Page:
Why You Need to Know Your Number

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In the book, Built to Sell, John Warrillow emphasizes the importance of knowing the specific number that you want to make when you sell your business.  He even stresses that you write the number down and put it into a sealed envelope so when the day comes that you are deciding whether or not to accept an offer, the note will ground you in reality. 

It’s not enough to say, “I want to have enough to retire.”  Or, “I want enough to pay for a new home.”  You need to identify a specific dollar figure you want to get out of your business.  Now, this number might change over time, but having the specific number will help focus your efforts.  It will give you a clear target.


Your number needs to be specific

Having a clear target will greatly increase your chances of achieving it.  When embarking on a fitness journey, you start by making a goal, whether that’s losing 10 pounds, or gaining muscle mass.  You do the necessary research, perhaps meet with a personal trainer, and start using your gym membership.  Having your goal in mind will guide your workout routine, diet, and leisure activities. In the same way, knowing the goal in your business will guide how you run your business today.  Even if you aren’t planning on selling for several years, knowing your number will guide the way you run your business today.


Your financial plan needs to inform your number

Knowing your exit number also gives you clarity for the next chapter of your life.  As Paul Adams, president of Sound Financial Group says, "Business owners live with the unspoken assumption that they can sell their business for enough to retire… If a business owner hopes to retire as a result of investing the money from the sale, and has a business producing $500,000 of owner income, they must sell that business for north of $15,700,000. Simply said, many find out the math too late and then sell for too little." 

You need to start with a trusted, competent financial advisor that can run through the various scenarios for your financial future.  How long will you live?  Will you work after selling your business?  What are your future financial needs?  Only a comprehensive review of today’s financial reality and your future goals will arm you with the facts you need to see how the sale of your business will impact your financial future.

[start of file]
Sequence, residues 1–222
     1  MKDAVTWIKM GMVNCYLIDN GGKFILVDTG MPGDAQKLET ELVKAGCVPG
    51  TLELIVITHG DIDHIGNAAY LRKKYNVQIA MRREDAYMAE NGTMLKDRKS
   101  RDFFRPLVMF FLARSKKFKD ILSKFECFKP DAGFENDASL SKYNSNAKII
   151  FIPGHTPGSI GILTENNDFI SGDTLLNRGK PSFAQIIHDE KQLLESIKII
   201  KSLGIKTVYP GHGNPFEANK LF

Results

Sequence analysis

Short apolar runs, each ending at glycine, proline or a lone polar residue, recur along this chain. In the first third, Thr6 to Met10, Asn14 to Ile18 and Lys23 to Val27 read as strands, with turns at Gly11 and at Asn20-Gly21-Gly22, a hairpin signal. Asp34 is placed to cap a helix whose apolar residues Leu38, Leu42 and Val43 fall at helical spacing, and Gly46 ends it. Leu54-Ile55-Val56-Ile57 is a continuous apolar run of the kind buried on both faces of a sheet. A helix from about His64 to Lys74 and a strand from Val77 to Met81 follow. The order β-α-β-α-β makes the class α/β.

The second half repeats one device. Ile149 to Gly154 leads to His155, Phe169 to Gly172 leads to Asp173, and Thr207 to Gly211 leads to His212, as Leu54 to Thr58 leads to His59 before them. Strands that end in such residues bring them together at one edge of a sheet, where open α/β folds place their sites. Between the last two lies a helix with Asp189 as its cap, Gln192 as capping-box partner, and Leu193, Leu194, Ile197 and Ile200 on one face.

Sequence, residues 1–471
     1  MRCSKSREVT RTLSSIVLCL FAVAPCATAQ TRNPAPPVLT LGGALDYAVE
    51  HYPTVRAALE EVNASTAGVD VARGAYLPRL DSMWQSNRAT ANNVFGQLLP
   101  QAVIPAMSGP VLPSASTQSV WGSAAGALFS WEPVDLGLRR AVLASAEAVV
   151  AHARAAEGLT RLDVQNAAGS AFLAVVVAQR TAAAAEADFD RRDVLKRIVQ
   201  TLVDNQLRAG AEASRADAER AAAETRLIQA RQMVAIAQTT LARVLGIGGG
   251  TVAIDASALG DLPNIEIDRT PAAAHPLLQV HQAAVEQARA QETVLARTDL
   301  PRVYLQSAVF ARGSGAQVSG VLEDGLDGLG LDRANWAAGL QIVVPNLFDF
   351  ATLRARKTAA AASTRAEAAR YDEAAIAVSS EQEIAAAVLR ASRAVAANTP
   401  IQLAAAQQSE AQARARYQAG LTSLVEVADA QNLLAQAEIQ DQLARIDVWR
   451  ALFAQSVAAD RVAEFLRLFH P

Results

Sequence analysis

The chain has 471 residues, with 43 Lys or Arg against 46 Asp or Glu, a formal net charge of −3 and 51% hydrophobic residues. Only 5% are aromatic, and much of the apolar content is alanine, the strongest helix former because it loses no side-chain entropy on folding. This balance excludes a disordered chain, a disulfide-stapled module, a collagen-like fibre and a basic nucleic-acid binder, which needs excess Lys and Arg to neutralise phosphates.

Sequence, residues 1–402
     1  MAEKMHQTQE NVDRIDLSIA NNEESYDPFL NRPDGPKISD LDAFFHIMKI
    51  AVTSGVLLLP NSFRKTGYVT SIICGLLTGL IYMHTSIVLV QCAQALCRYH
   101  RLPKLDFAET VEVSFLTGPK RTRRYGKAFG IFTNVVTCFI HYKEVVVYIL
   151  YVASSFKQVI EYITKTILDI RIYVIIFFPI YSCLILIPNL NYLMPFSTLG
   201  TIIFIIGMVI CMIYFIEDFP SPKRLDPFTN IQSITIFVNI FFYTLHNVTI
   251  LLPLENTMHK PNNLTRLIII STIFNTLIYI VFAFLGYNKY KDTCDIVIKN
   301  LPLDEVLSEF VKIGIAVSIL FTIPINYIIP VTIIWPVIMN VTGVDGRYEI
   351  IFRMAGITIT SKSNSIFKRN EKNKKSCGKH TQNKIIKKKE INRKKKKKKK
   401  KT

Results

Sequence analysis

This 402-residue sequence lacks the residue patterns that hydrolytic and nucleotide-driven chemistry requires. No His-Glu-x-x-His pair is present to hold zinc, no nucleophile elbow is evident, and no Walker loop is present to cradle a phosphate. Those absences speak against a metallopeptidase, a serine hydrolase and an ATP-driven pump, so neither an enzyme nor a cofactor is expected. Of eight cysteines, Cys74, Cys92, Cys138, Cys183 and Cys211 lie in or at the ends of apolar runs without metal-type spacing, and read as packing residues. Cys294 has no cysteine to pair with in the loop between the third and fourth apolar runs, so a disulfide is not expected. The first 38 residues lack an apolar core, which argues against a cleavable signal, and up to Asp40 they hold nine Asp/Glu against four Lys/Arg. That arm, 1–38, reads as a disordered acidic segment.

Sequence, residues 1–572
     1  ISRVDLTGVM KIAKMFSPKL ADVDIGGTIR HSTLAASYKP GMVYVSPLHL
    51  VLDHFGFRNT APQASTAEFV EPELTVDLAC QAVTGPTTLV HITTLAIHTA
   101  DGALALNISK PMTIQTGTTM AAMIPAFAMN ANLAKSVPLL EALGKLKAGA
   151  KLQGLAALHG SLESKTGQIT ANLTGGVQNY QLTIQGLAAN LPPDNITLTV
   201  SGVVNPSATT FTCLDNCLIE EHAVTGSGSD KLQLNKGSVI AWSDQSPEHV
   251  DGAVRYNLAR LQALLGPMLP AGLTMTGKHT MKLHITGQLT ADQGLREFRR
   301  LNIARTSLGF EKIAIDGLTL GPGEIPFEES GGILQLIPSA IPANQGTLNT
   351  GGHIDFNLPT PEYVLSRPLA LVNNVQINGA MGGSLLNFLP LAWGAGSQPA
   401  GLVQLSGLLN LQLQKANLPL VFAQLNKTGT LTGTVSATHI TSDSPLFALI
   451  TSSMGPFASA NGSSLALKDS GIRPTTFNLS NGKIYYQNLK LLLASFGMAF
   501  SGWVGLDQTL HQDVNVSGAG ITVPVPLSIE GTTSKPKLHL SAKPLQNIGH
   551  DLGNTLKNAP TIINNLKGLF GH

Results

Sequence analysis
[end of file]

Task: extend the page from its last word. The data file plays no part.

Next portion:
Don’t be a business owner that realizes the numbers don’t work out too late in the game.  Knowing your math before you get to the negotiation table will help you get what you want to out of the sale of your business.


Your number needs to be attainable

After you assess your financial plan and have a sense for the amount you would like to get out of your business, the next step is to know how much your business is worth right now.  Make today the day you learn the value of your business.  (Because we talk to business owners all day long, we know you’re going to have at least 10 reasons you don’t want to/can’t/don’t have time to/won’t/aren’t interested in getting your business valued, but trust us, you need to.  Still not convinced?  Watch our video about why it’s stupid not to value your business.)

Whether the results of the valuation are reassuring or sobering, knowing the current value of your business tells you where you’re at.  With this as your starting point, you can assess if what you want to get out of your business is attainable. 


So, what’s your number?

Is it a specific number?  Is it influenced by your plan for your financial future?  Is it attainable? 

If you can confidently say “yes” to those questions, write it down.  Place it in a sealed envelope with a date on it and put it in your safety deposit box.  Place reminders elsewhere – like a sticky note on your bathroom mirror or a small piece of paper in your wallet. 

Get this number ingrained in your mind and start to envision consciously and subconsciously getting to this number.  Reach outside your organization to bring in new ideas.  Focus your organization on what needs to get done to get to your number.  It’s amazing how this action will change you and your business. 

We knew the goal we had envisioned for our company was unattainable if we continued as we did in the first 12 years. We took an honest assessment of where we were, and where we wanted to be, and started to deconstruct and rebuild everything that needed to be changed.
— The Capitalist Alliance Principals